The best way to avoid this is to try to get as many people to respond to the survey as possible. Ideally, you’d want as close to a 100 percent response rate as possible, since this is an internal survey and the group is smaller in size. But this isn’t always possible. 

If you can’t get that high of a response rate, then you’ll want to start fiddling with statistical significance to see if any of the data you collected is valid.

One way to do this in a corporate setting is to get management on board. Have the CEO or some other leader write out an email explaining the purpose of the survey, why it’s important, and what you plan to do with the information once it’s submitted. Also, be sure to make it clear that answers will be kept fully confidential. 

People are more likely to respond to something front the top than they are from a fellow employee, especially if it’s someone random from HR. 

Of course, making this happen means getting management on board with the survey. But that shouldn’t be too hard; most modern managers see the benefit of conducting employee surveys. You just need to get them more involved so that there will be more buy-in from the masses and therefore more valid results.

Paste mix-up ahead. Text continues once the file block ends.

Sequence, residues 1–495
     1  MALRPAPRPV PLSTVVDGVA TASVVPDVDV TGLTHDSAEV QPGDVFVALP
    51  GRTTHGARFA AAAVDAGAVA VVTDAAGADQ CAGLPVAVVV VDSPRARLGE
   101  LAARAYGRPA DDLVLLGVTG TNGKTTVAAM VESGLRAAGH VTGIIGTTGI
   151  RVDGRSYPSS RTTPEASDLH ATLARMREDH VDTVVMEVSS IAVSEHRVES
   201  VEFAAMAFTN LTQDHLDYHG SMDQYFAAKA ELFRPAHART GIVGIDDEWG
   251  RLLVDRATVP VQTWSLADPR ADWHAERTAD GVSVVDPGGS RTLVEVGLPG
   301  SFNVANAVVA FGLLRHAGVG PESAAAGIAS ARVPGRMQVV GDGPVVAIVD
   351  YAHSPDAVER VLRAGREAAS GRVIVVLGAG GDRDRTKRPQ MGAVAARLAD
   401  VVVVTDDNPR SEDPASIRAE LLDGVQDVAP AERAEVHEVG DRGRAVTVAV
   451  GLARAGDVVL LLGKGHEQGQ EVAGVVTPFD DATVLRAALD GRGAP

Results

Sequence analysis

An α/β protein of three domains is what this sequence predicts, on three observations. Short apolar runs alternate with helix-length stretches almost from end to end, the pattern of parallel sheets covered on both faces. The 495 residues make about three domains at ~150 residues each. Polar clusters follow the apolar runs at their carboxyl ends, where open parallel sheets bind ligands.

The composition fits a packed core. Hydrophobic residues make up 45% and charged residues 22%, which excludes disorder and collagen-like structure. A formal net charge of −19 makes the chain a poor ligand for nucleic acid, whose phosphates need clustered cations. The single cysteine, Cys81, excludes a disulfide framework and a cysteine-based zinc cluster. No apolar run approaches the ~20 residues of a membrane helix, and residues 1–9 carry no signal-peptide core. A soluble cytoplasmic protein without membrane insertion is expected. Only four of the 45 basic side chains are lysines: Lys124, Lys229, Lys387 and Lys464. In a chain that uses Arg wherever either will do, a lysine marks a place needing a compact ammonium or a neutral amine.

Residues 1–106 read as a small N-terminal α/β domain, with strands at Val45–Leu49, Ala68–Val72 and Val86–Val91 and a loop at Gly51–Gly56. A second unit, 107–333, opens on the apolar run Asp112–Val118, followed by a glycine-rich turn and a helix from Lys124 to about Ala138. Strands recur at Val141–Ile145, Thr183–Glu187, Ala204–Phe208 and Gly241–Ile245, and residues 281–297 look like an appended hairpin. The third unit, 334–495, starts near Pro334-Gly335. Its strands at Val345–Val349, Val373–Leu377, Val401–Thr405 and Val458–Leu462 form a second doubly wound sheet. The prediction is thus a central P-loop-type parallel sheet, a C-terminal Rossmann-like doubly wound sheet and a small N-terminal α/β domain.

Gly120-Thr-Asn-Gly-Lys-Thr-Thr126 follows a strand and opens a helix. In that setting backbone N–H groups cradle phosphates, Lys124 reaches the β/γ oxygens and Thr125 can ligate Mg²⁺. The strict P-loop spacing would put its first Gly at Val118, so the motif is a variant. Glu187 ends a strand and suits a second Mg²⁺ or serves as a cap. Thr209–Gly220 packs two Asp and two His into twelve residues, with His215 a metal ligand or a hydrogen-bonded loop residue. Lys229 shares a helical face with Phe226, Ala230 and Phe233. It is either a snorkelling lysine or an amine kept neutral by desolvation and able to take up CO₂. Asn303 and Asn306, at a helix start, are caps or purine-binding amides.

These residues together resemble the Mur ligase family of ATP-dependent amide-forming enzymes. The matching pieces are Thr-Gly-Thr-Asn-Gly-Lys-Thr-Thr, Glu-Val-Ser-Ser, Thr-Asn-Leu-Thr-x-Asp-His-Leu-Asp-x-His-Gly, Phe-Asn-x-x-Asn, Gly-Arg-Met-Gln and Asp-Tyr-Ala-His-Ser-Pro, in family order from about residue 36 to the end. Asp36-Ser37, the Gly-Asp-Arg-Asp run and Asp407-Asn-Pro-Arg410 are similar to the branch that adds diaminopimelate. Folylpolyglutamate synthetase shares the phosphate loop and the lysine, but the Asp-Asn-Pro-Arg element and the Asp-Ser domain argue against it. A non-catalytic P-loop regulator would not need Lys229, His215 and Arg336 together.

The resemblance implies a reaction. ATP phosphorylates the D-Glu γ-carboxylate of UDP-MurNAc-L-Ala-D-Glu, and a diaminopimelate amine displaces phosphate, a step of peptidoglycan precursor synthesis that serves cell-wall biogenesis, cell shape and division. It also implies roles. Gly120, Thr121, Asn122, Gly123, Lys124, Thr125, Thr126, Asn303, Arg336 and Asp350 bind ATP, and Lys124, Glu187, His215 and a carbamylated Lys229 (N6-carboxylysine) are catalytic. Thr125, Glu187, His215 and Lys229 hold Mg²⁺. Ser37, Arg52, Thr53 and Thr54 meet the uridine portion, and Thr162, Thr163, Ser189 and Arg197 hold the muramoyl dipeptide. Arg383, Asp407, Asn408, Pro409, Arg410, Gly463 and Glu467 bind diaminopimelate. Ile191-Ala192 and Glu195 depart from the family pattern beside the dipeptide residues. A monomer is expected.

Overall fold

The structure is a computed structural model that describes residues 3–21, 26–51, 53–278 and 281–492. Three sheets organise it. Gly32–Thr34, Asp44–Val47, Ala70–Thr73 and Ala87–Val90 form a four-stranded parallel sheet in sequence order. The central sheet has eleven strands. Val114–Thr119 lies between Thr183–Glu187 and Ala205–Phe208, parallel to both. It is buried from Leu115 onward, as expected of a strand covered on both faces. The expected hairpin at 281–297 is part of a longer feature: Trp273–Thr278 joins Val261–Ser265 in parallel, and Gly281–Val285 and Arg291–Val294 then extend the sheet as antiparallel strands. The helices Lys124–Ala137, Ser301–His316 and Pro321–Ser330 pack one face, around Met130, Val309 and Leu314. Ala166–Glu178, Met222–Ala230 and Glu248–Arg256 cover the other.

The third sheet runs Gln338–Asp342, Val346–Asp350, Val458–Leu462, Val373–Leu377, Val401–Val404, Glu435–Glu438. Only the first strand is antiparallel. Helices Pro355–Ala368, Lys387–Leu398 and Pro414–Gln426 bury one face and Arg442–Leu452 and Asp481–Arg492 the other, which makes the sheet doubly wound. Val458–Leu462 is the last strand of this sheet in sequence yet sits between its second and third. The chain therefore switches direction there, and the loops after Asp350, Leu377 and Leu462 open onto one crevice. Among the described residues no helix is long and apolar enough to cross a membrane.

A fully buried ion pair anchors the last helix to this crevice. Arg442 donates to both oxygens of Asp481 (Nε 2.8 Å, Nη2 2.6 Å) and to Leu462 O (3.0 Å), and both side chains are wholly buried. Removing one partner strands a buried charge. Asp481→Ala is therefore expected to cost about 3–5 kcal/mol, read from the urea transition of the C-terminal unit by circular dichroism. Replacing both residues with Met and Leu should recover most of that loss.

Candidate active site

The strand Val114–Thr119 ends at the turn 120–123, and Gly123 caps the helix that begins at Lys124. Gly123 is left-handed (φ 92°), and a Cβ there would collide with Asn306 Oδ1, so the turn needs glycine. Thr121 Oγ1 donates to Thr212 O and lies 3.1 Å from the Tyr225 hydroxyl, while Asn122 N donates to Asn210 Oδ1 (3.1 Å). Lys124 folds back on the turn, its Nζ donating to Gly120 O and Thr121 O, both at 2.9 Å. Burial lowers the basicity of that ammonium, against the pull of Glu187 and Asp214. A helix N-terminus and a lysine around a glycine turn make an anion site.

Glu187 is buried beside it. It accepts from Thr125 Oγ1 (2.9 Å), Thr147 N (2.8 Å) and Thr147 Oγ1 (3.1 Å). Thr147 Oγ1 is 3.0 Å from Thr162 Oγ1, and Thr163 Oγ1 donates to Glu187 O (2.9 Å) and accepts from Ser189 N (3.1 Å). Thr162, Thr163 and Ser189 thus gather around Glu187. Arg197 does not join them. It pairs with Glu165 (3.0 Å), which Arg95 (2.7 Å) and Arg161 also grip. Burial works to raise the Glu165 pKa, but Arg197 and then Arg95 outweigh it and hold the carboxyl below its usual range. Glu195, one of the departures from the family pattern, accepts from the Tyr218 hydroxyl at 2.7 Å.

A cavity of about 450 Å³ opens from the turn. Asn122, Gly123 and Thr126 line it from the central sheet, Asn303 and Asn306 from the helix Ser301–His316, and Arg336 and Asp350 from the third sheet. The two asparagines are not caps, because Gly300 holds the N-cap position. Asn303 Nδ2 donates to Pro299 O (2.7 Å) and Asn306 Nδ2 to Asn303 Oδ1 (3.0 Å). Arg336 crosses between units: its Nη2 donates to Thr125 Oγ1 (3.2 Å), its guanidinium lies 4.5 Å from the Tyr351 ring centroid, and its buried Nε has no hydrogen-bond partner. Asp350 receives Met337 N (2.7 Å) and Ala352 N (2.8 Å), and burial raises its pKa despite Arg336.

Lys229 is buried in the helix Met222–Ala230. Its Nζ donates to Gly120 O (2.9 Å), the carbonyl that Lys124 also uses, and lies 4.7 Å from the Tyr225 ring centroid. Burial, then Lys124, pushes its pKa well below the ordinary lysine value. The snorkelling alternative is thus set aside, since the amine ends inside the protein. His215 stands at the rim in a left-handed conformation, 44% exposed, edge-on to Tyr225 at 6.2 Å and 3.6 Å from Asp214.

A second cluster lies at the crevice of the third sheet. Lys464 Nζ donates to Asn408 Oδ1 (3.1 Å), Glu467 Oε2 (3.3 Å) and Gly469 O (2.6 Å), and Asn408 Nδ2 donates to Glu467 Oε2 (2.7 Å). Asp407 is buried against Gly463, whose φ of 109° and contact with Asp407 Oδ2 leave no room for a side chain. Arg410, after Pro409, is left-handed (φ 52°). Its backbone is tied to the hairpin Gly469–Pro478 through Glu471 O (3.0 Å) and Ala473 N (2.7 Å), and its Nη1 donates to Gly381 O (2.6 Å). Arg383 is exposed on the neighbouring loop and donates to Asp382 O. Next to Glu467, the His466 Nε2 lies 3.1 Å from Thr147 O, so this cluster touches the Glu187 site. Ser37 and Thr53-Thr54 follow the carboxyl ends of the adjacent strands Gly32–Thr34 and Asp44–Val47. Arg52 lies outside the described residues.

Keep the Survey Focused on What You Want to Measure

One way to increase your response rate and also boost the effectiveness of your survey results is to keep the survey short and to the point. There are always tons of things you can measure, but it’s best to focus on a couple at a time. 

This will allow you to get more depth out of the survey. For example, if you ask, “How effective is management at helping you achieve a good work-life balance?”, a focused survey would then ask some follow-up questions, such as “Does management cross boundaries when assigning tasks?” or “Does your manager ask for your input before assigning you work?”